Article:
Google+ Marissa, Author at Southern Weddings - Page 172 of 178

Southern Weddings

Author: Marissa

Up next in our series of Southern traditions, we have the handkerchief! Many years ago, most dapper men and genteel women carried a handkerchief, which was typically a hemmed square of thin fabric carried in the pocket or purse. Though it was originally intended for the purpose of wiping the sweat off one’s brow or blowing one’s nose (gross!), the handkerchief is also sometimes used as a purely decorative accessory in a suit pocket.

Image credit: See more of this gorgeous Nancy Ray wedding here!

In the South, the wedding handkerchief (or hanky) is often kept and passed down from mother to daughter and from generation to generation. Early farmers thought a bride’s wedding day tears were lucky and would bring rain for their crops. Later, a crying bride meant that she’d never shed another tear about her marriage. Today, we carry a handkerchief to dab away the tears of happiness and joy. Now, wedding hankies are often monogrammed with the bride’s new initials, used as bouquet wraps or given to bridesmaids as gifts. (Seen above in this adorable shot)!

Will you be carrying a handkerchief on your wedding day?

Catch up on all our Southern traditions!
Bridal Portraits
Cake Pulls
Groom’s Cake

marissa Written with love by Marissa
2 Comments
  1. avatar Southern Style: Marrying The Notebook « Southern Weddings Magazine reply

    […] romantic about Allie and Noah’s love story that just causes me to immediately reach for my hankie! In my humble opinion, The Notebook is one of the best Southern romance movies of our generation […]

  2. avatar Sandra reply

    I love creating custom wedding handkerchiefs. Visit my on-line boutique at https://www.lil-inspirations.com to view my entire collection of gorgeous wedding hankys.

Southern Weddings reserves the right to delete comments which contain profanity or personal attacks or seek to promote a business unrelated to the post.  And remember: a good attitude is like kudzu – it spreads.  We love hearing your kind thoughts!

Reply to:
close

I hope y’all enjoyed our first recipe from the Newlywed Kitchen here at Southern Weddings! My Mama’s homemade poundcake is one of my favorite sweet delights!

Up next we’ve got Miss Linda’s Anta Fe soup. Miss Linda is my Godmother, and one of the best people on earth! Like a true Southern home, hers (which is located on an island off the coast of Alabama and might just be my favorite place on earth) is always completely filled with people. Kids playing Wii, friends laughing on the porch and dogs running amok in the yard. It’s a blast, y’all! This recipe is great because it feeds a lot of people with not too much time in the kitchen. Which is perfect when you don’t want to miss a moment of the goodness going on.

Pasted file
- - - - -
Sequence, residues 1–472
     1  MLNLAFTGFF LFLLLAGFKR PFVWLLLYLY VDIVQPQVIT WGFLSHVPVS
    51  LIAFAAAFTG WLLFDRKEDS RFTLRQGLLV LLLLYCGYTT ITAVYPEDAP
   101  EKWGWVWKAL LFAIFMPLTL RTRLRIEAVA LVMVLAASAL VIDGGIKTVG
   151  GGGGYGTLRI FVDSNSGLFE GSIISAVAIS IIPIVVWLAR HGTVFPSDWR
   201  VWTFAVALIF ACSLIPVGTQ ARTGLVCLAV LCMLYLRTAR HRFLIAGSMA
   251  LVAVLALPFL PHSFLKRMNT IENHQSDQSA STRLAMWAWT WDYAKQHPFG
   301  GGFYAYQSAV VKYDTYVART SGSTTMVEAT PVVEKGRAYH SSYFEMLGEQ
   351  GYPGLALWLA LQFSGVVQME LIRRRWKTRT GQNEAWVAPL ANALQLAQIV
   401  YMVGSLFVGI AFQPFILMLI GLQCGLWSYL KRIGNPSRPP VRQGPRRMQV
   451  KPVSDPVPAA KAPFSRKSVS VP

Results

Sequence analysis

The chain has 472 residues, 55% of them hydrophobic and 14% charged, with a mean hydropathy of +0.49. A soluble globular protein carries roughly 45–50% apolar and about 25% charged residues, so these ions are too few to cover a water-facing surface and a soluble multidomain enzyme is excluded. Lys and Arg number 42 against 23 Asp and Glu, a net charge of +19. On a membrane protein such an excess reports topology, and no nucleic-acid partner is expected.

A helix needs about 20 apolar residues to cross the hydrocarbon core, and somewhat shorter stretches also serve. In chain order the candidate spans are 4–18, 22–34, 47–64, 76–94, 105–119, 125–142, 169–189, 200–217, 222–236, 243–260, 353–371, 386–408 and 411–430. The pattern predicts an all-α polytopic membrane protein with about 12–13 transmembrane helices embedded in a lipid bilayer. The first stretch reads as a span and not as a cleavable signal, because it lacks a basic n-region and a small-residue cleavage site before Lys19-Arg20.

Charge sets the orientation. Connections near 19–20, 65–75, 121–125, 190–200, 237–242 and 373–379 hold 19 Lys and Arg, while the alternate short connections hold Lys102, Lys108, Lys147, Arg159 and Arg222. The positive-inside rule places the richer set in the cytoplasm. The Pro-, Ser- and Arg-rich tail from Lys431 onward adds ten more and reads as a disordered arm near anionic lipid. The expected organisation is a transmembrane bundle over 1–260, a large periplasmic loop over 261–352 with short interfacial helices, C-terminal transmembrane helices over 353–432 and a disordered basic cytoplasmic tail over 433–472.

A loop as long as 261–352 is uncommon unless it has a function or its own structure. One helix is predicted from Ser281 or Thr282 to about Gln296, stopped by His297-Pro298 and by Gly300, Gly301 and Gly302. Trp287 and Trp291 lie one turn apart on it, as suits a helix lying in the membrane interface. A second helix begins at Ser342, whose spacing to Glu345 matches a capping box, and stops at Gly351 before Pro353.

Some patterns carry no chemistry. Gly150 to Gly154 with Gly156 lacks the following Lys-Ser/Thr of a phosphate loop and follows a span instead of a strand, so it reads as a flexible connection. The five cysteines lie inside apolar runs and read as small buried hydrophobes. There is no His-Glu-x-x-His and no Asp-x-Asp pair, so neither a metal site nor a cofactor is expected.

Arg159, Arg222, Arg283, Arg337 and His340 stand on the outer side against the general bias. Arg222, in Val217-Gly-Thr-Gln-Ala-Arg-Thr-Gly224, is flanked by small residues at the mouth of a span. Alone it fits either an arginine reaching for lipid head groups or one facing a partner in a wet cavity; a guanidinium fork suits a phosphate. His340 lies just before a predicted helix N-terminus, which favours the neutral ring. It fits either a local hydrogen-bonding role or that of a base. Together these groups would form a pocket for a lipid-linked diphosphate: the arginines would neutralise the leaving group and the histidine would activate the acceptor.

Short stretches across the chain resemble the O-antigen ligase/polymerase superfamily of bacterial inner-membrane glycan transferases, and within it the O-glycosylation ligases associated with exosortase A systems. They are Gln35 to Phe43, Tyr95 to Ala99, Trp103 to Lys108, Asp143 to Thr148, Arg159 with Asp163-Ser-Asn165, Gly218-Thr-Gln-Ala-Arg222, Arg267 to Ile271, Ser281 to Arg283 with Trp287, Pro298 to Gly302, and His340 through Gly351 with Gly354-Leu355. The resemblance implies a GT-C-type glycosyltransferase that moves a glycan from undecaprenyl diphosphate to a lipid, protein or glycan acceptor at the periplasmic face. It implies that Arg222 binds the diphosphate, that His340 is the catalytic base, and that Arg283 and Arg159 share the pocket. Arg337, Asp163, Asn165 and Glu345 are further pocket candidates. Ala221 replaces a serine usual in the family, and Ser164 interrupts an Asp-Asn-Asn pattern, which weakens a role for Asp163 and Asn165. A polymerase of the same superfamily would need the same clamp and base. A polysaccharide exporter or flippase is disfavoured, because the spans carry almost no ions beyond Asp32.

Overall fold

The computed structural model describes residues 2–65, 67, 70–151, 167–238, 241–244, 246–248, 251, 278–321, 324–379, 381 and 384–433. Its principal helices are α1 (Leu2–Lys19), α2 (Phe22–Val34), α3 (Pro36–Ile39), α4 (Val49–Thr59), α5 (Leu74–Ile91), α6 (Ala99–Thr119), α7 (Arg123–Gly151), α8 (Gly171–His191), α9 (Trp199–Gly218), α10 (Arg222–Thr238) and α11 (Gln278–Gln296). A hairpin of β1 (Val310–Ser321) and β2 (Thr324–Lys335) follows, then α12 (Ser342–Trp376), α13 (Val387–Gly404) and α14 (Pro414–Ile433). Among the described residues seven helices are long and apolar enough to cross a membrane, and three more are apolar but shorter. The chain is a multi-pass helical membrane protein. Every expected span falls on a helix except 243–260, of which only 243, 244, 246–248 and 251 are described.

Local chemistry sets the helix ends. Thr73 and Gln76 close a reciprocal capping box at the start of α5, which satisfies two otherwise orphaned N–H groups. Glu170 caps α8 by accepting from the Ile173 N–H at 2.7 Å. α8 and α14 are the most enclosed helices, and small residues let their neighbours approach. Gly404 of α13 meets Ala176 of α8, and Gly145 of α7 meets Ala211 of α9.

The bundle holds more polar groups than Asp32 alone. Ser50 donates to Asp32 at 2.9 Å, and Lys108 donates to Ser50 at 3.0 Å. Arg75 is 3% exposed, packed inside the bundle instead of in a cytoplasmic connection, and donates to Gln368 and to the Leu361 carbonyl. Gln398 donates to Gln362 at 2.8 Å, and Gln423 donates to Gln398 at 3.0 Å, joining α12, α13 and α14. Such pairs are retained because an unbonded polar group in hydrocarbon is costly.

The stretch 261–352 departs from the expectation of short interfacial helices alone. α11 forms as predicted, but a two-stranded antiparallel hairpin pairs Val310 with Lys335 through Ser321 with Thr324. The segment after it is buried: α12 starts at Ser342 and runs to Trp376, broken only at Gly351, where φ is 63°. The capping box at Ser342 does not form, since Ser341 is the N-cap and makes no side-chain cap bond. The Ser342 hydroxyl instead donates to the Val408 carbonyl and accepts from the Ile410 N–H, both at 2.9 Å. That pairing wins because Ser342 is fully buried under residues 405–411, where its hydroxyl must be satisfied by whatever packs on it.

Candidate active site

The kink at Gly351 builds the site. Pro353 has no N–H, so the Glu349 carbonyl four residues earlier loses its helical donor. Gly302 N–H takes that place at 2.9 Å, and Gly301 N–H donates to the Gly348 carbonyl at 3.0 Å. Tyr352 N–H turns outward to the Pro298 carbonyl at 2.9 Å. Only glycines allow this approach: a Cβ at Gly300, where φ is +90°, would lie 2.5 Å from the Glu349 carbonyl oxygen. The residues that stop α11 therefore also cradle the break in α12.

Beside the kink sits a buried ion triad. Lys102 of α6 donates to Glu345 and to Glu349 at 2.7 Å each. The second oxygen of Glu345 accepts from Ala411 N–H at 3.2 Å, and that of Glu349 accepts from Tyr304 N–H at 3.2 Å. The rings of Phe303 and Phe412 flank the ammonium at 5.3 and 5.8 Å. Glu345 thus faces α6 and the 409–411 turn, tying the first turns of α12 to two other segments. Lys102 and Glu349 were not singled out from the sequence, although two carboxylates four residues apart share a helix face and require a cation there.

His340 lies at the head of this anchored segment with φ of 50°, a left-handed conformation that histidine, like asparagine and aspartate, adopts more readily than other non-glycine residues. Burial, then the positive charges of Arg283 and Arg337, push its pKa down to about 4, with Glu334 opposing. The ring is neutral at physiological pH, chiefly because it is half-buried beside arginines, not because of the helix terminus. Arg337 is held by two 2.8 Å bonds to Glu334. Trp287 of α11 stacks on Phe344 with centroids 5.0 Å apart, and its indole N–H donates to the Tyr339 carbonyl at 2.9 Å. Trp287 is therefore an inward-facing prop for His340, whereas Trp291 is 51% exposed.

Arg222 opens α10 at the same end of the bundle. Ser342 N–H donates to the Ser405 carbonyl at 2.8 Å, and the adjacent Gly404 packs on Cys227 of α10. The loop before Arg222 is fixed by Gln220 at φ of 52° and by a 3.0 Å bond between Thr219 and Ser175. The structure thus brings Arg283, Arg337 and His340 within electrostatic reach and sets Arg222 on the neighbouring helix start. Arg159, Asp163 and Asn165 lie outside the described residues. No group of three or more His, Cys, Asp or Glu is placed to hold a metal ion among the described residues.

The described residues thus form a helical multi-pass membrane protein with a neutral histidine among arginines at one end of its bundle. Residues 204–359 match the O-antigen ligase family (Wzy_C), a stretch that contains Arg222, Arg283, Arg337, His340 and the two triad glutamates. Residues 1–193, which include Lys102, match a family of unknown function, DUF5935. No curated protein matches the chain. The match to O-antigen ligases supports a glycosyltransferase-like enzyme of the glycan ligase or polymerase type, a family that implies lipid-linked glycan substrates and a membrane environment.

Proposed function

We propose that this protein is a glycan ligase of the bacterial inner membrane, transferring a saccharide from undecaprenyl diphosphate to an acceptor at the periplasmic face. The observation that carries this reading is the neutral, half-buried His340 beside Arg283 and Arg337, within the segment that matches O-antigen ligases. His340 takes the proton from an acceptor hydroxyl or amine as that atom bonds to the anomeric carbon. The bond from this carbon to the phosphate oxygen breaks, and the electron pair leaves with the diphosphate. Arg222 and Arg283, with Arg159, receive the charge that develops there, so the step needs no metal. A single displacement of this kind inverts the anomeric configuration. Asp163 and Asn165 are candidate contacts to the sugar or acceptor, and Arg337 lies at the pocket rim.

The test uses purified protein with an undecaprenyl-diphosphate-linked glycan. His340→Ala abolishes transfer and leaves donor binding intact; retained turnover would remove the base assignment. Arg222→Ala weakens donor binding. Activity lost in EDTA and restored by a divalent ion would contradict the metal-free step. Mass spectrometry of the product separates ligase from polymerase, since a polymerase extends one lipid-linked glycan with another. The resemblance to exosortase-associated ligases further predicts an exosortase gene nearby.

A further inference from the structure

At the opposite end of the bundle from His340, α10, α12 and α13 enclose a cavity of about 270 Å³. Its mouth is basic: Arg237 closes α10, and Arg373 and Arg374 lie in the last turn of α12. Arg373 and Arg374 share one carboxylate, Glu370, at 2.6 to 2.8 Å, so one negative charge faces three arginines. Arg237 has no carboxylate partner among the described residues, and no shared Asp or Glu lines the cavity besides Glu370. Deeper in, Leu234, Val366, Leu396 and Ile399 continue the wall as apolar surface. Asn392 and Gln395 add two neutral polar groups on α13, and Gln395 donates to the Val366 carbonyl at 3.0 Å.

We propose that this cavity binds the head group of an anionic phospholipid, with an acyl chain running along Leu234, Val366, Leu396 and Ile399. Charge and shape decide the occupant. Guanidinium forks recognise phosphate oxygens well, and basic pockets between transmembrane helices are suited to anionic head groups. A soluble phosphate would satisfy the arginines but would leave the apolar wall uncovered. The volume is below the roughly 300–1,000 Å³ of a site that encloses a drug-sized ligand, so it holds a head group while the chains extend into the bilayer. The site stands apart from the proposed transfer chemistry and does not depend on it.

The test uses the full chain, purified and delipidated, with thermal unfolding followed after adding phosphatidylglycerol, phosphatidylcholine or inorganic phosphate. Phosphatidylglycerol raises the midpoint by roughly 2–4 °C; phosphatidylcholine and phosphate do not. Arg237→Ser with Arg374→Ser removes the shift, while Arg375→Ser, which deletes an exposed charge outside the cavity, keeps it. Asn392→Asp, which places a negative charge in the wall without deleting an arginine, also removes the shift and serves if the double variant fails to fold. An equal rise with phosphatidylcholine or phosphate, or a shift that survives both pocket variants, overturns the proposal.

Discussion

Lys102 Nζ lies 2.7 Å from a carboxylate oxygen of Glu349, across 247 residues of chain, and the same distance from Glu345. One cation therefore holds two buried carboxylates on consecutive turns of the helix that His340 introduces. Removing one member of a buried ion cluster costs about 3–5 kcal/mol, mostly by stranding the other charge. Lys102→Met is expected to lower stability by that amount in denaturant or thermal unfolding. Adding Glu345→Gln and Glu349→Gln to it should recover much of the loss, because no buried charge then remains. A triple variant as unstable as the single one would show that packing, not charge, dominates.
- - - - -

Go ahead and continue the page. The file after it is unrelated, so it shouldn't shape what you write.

What you’ll need:

1 lb ground turkey breast
1 large onion, chopped
1 pkg. dry ranch dressing mix
1 pkg. taco seasoning
1 can diced tomatoes (undrained)
1 can rotel tomatoes
1 can black beans, drained
1 can pinto beans, drained
1 can kidney beans, drained
1 can shoe peg corn (undrained)
1 cup water

Image credit: My iPhone from Miss Linda’s porch

Directions:
Brown the turkey and onions. Stir in ranch dressing mix and taco seasoning. Add in the remaining ingredients and heat through. Let simmer for about 30 minutes. Garnish and serve with sour cream, shredded cheese, jalapenos and corn or tortilla chips. It’s yummy with corn bread also. (Yes, ma’am it is!). Download the recipe card here!

What’s your favorite Southern food? Have a favorite Southern recipe, or recipe from a Southerner? Shoot me an email — we’d love to feature it on the blog!

marissa Written with love by Marissa
3 Comments
  1. avatar Patti reply

    You didn’t mention that this serves a mess of people and it’s particularly good if you have unexpected guests. You can get all the ingredients and keep them in the pantry and freezer and just pull them out and throw it together.

  2. avatar Newlywed Kitchen :: Mary Greer’s Award-Winning Pumpkin Cupcakes | Gift Registry News reply

    […] for more ideas to get your kitchen started? Damie’s Catsup Miss Linda’s Anta Fe Soup Mama’s Homemade Poundcake VN:F [1.9.6_1107]please wait…Rating: 0.0/5 (0 votes cast)VN:F […]

Southern Weddings reserves the right to delete comments which contain profanity or personal attacks or seek to promote a business unrelated to the post.  And remember: a good attitude is like kudzu – it spreads.  We love hearing your kind thoughts!